• The sector’s price-to-earnings (P/E) ratio is roughly in line with its long-term average at 17.9x the forward consensus forecast. But its relative valuation compared to the S&P 500 is compelling, in our view. Health Care typically trades at a modest premium to the broader market, yet currently trades at a steep discount, as the S&P 500 P/E has pushed up to 25.3x.
  • The S&P 500 Pharmaceuticals Index, with a forward P/E of 14.8x, is trading at a meaningful discount to its long-term average of 18.1x.
  • The pharma segment should continue to benefit as COVID-19 treatments and vaccines are approved.

Financials: A better tomorrow

  • We believe bank industry profitability reached its “low water mark” of this difficult economic and interest rate period in Q2 2020.
  • RBC Capital Markets, LLC sees the potential for better stock price performance for banks. After the group reported Q3 earnings, analyst Gerard Cassidy wrote, “The expected earnings recovery from improved credit costs over the next 12 months should drive stock prices higher, similar to past cycles. Furthermore, should the yield curve continue to steepen into 2021, bank profitability could exceed most investors’ expectations leading to a further rise is equity prices and valuations, in our view.”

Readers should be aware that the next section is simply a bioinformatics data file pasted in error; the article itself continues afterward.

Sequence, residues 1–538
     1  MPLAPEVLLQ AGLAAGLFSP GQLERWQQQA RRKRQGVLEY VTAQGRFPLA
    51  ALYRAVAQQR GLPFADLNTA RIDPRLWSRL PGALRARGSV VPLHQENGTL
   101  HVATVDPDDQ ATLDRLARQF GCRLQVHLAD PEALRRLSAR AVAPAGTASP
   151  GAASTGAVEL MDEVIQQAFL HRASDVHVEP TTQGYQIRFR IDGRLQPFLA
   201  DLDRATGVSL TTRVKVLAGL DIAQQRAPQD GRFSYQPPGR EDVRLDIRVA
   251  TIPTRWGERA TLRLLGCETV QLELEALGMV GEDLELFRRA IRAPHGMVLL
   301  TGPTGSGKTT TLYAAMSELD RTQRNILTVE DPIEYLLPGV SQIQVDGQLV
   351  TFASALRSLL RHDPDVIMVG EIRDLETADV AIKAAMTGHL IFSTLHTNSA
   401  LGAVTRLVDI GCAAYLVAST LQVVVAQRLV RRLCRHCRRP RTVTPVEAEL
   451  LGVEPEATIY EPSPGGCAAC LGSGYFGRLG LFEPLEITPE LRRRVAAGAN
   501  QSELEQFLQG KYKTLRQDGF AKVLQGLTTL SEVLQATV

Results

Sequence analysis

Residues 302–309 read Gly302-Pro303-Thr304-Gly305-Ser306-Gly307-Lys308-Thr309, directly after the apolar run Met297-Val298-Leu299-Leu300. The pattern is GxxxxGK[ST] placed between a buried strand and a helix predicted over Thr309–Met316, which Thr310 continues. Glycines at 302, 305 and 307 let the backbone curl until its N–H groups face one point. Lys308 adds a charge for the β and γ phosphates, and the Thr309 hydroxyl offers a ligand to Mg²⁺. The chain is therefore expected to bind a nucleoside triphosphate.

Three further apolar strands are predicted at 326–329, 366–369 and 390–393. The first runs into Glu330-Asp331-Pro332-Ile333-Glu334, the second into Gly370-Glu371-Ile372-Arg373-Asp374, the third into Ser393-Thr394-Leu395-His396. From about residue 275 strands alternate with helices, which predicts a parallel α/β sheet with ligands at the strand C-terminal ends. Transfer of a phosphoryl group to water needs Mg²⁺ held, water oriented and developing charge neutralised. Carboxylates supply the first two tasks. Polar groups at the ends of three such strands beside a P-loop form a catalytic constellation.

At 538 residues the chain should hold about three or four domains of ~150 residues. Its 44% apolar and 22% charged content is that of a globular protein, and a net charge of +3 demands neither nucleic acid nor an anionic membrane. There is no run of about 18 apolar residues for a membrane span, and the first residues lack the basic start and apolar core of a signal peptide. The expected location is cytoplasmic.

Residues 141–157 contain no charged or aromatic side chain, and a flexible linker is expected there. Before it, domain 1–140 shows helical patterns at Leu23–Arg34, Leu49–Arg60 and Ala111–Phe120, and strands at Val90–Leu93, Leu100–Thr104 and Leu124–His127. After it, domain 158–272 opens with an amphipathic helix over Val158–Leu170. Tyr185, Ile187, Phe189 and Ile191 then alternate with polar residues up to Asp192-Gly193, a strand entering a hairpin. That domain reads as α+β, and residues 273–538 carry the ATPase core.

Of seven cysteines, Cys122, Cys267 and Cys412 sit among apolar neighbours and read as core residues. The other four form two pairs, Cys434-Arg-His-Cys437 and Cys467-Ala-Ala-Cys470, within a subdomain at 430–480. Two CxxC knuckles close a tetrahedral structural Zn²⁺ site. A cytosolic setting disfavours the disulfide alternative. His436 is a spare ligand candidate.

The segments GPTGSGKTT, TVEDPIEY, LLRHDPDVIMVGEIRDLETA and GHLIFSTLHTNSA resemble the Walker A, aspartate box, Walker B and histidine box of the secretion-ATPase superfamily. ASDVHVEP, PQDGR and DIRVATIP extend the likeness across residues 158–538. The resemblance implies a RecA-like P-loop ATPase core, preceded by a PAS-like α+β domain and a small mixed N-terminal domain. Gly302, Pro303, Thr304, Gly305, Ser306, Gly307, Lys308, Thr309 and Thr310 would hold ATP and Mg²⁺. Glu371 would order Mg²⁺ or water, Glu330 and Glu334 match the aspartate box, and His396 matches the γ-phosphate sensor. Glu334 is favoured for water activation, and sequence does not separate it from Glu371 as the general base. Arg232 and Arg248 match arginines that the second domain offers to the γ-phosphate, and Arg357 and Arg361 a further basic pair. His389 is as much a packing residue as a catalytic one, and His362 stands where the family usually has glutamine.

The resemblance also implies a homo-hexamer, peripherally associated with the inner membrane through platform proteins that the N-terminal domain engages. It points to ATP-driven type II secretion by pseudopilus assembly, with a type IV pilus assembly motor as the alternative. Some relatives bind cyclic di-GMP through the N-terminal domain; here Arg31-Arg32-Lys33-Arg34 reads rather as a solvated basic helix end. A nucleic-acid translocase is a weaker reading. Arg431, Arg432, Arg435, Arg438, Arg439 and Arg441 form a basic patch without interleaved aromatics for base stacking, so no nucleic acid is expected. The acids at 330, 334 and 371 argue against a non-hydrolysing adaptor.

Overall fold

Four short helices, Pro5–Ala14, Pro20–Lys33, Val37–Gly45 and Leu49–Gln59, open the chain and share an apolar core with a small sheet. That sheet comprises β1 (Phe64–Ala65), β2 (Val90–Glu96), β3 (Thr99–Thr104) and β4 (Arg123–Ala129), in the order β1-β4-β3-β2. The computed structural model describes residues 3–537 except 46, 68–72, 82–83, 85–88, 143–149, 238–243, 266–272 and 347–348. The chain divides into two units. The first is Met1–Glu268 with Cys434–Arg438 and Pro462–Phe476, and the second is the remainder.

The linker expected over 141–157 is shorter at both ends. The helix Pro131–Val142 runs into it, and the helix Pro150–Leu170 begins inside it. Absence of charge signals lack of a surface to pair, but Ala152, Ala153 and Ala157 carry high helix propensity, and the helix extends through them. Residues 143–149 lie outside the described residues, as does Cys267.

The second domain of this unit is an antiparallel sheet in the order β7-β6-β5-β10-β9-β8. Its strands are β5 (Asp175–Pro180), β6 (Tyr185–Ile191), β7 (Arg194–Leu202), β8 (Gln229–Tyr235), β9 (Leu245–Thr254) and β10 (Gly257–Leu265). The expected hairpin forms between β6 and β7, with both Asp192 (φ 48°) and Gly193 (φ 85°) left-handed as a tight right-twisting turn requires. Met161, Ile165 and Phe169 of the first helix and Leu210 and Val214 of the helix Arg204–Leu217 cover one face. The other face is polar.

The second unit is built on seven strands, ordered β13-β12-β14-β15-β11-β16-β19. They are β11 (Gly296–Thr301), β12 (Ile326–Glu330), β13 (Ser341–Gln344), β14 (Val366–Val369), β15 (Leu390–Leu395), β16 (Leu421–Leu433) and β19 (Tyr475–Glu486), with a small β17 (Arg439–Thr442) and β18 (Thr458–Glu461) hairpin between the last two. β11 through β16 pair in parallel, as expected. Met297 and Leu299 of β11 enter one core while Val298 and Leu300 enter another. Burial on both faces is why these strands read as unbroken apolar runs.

• We view bank stocks as attractively valued, assuming the economy continues to improve in 2021. The S&P 500 Banks Index trades at a price-to-book (P/B) ratio of just 0.91x, compared to a long-term average of 1.6x. While the ultra-low rate environment will likely keep the P/B from climbing back to normal anytime soon, we think yield curve steepening and further economic growth could shrink the gap.
  • After a long period of restrictions on dividends following the global financial crisis, the Financials sector’s dividend yield has quietly crept back to its long-term average at 2.53 percent. The ratio of companies raising to lowering dividends in the last year is high, at 10:1.

Energy: A reprieve, not an all-clear

  • We think the Energy sector’s business lobby will be particularly active in the next session of Congress, and has the potential to fend off key threats if Republicans maintain control of the Senate. RBC Capital Markets’ commodity strategy team wrote, “If Biden does prevail, he may have to scale back plans to remove subsidies for oil and gas producers because of congressional opposition.”
  • But the reason we think the Energy sector is more appropriate for shorter-term, tactical investors than for those focused on long-term themes is that we don’t see the move toward green energy retreating anytime soon. If anything, it’s likely to gain momentum in the years ahead. Worldwide regulatory trends, especially aggressive green energy mandates and restrictions on fossil fuels in Europe, point in this direction. Also, should Biden win the presidency, his administration could implement some tighter energy regulations through administrative actions, according to RBC Capital Markets. Therefore, we think gridlock in the U.S. Congress would bring a reprieve for the Energy sector, rather than an outright all-clear signal.